Blog & News

Eating Invasives (archive)

Published on Wednesday November 25, 2015
Authored by PEIISC

“What is a weed? A plant whose virtues have not yet been discovered.”

– Ralph Waldo Emerson

Invasive plants can be found across PEI. Some occur in small patches, others are widespread. Some we have welcomed (e.g. lupins), others we detest (e.g. Japanese knotweed). While our opinions vary between species, I think we can all agree that there is no way we are going to eradicate all, or even a small percentage, of the invasive species present on the Island.

It seems our only option is to try to reduce the spread, prevent new introductions, and perhaps try to make the best of the situation by finding virtue in our invasives.

Many invasive species can be harvested and eaten! Here are some tips for harvesting and preparing a few invasive species we have on the Island.

Japanese Knotweed:

Best harvested in the spring, when young shoots are just emerging. The young plants resemble red asparagus stalks and are very tender. You can harvest shoots up to 2 ft tall, just be sure to remove leaves and peel the bark. It is related to rhubarb and has a similar sour taste. It can act as a laxative, so use sparingly.

For help with ID, check out our Japanese Knotweed page.

For Japanese Knotweed recipes, visit

All of the recipes are listed along the right side of the page. The Knotweed, Cucumber & Avocado Gazpacho posted in the comments section looks promising!

Garlic Mustard:

The plant has a strong garlic odour. First year plants form leafy rosettes close to the ground. Second year plants send up a flowering stalk that can reach 3 ft. Best harvested as a second year plant, when they’re less that 1ft tall, before flower buds form (end of April – May). Young second year stems can be used in stir-fry or soups.

According to Josey Schanen: “Eat the sprouts in early to mid-spring, the basal leaves and roots in late fall and early spring, the stalks and stalk leaves in mid-late spring, and the seeds from mid-summer and mid fall.”

For help with ID, check out our garlic mustard page

For Garlic Mustard recipes, visit

All of the recipes are listed along the right side of the page. Mmmm, garlic mustard pesto!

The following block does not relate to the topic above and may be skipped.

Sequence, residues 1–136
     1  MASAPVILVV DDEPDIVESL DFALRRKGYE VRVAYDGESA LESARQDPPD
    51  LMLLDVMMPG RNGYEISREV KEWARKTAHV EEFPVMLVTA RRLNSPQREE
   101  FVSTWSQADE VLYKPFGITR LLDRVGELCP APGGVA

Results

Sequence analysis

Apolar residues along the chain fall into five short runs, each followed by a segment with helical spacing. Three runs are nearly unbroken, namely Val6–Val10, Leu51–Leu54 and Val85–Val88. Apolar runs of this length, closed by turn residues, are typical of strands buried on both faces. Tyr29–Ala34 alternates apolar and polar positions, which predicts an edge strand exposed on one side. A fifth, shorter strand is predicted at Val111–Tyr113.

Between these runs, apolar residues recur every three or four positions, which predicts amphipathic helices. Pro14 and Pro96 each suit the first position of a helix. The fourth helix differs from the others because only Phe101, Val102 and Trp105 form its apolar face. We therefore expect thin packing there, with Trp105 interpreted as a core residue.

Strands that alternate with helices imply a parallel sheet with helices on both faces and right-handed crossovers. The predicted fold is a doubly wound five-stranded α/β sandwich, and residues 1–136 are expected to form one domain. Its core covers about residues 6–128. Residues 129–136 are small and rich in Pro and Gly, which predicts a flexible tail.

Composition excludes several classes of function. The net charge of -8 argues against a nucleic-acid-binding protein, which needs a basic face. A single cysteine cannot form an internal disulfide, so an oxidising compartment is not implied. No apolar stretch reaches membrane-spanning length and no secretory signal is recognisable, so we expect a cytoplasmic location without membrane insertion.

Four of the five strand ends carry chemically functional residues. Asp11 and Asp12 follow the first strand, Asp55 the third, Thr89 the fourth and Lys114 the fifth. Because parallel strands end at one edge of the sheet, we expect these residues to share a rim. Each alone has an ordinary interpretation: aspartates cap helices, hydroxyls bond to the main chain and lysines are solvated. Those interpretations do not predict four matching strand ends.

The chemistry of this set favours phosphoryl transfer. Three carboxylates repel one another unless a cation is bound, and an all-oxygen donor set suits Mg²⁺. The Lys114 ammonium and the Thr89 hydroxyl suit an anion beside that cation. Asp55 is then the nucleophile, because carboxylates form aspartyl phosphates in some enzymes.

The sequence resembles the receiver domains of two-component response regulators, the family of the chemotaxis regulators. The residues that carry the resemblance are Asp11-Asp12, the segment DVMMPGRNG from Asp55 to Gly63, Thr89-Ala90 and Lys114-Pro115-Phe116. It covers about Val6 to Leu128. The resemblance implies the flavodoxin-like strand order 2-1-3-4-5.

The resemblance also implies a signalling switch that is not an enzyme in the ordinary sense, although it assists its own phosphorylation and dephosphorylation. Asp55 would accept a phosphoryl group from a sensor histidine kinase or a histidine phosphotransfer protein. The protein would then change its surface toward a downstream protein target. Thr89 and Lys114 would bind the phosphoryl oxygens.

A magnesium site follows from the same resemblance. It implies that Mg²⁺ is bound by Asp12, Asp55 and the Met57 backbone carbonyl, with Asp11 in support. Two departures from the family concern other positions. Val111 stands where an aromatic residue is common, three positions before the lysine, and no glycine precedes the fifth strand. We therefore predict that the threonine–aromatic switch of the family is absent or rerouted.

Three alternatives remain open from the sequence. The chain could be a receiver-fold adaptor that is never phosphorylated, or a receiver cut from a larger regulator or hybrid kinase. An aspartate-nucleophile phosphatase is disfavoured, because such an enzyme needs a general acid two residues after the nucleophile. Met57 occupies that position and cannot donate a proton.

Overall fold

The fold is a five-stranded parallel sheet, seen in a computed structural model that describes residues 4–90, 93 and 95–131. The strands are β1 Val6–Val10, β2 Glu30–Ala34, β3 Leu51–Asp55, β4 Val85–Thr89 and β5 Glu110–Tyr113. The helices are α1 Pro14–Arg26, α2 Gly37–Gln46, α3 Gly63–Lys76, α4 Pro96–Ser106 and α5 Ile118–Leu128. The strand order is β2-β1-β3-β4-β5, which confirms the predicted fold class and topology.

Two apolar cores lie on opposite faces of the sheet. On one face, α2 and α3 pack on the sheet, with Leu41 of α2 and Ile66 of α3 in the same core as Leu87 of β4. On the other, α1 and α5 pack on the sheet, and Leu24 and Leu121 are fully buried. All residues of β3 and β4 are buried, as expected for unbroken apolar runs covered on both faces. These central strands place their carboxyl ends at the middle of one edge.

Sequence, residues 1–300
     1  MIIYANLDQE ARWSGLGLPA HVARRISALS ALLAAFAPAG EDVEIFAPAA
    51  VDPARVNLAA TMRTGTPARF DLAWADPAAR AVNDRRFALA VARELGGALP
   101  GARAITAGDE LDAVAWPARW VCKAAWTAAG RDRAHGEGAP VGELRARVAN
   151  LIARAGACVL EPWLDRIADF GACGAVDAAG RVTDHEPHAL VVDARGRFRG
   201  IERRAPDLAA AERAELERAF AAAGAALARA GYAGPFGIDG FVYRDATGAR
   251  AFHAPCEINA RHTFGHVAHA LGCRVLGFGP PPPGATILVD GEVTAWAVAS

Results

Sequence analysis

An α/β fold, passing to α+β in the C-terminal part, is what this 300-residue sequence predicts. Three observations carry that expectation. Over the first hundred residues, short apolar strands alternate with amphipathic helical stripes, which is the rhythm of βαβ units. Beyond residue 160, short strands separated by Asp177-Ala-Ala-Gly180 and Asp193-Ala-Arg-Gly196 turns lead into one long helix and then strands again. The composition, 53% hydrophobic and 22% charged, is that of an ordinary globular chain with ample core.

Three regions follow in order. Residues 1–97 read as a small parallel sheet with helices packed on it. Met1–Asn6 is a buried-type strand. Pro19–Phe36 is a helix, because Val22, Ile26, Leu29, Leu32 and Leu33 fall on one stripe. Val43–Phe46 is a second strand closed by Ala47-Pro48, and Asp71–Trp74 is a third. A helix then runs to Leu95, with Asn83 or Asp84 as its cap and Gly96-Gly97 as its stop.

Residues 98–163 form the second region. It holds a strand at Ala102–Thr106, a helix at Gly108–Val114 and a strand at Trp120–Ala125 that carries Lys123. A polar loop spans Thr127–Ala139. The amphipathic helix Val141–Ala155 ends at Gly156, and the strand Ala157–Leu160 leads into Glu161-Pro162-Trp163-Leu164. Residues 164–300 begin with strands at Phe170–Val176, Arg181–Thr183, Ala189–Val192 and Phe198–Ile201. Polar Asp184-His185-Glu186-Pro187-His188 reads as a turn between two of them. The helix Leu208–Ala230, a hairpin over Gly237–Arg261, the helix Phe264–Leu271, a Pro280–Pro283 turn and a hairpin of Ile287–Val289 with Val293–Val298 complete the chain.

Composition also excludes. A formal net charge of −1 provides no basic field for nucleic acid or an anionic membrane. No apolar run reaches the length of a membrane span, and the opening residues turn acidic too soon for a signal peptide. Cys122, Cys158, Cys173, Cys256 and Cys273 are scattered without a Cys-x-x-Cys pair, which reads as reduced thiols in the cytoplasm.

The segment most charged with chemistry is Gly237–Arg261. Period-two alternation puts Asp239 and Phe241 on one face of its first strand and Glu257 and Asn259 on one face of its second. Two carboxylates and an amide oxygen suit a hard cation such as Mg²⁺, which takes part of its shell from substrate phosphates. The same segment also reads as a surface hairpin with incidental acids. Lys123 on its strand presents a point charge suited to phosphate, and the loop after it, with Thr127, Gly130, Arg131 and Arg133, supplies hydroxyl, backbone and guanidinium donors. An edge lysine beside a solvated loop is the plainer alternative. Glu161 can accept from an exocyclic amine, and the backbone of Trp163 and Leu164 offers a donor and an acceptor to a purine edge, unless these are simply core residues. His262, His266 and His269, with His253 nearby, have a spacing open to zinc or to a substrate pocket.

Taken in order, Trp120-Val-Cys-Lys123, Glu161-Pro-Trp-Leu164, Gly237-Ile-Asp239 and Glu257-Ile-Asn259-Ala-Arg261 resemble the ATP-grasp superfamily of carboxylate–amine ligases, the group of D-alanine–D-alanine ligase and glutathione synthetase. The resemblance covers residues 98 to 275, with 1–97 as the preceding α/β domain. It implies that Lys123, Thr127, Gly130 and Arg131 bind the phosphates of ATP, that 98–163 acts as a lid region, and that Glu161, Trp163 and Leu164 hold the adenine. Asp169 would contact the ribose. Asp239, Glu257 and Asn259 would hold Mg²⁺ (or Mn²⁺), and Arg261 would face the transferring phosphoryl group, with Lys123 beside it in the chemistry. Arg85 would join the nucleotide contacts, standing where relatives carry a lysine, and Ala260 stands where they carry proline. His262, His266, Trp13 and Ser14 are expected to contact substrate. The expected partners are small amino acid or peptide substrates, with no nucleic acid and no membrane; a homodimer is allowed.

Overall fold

Multiflora Rose:

Flowers bloom in May/June. White-pink, showy flowers grow in clusters and are highly fragrant. A key ID feature are the long, arching branches, which bend to touch the ground. Small, bright, red hips remain on the plant through the winter. Multiflora rose hips are small, but there are lots of them!

All rose hips are edible, some species just taste better than others. Rose hips are best harvested after the first frost (right about now!). The seeds can be steeped to make a tea or grinded up and added to foods. Leaves and flower petals are also edible, and can be eaten raw. Leaves should be harvested when young, before they develop thorns on the underside.

For help with ID, check out our multiflora rose page.

For more information on harvesting and preparing rose hips, visit

Dandelions, Lamb’s Quarters, Purslane:

These common weeds grow in almost everyone’s front yard. Young leaves make excellent salad greens and can be added to soups and smoothies for added nutrition

For additional dandelion recipes, visit:

While eating invaders is not the panacea to our invasive species woes, it does help us see these plants in another light and may give us some insight into why they were brought here in the first place.

If you are going to use invasives at home, be careful not to contribute to the spread. Transport invasives carefully, to ensure no rhizome pieces or seeds escape. Never put invasive plants in your compost pile or green bin. Be sure not to harvest from areas that have been treated with chemicals!

– Julie-Lynn Zahavich, Council Member

Attached images:

Spring Japanese knotweed (Fallopia japonica) shoot
Second year garlic mustard (Alliaria petiolata) plant
Multiflora rose (Rosa multiflora) hips
Dandelion (Taraxacum officinale) flowers. Photo by Green Thumb Photography